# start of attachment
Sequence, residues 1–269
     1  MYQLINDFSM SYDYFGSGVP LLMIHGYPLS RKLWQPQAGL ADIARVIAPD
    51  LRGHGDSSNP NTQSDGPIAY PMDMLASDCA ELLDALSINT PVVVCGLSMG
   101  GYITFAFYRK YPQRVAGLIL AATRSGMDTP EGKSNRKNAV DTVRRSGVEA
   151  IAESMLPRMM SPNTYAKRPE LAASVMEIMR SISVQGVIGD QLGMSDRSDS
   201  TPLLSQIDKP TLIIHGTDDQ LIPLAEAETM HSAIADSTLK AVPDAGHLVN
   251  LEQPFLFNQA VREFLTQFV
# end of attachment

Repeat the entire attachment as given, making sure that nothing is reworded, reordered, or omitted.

Sequence, residues 1–269
     1  MYQLINDFSM SYDYFGSGVP LLMIHGYPLS RKLWQPQAGL ADIARVIAPD
    51  LRGHGDSSNP NTQSDGPIAY PMDMLASDCA ELLDALSINT PVVVCGLSMG
   101  GYITFAFYRK YPQRVAGLIL AATRSGMDTP EGKSNRKNAV DTVRRSGVEA
   151  IAESMLPRMM SPNTYAKRPE LAASVMEIMR SISVQGVIGD QLGMSDRSDS
   201  TPLLSQIDKP TLIIHGTDDQ LIPLAEAETM HSAIADSTLK AVPDAGHLVN
   251  LEQPFLFNQA VREFLTQFV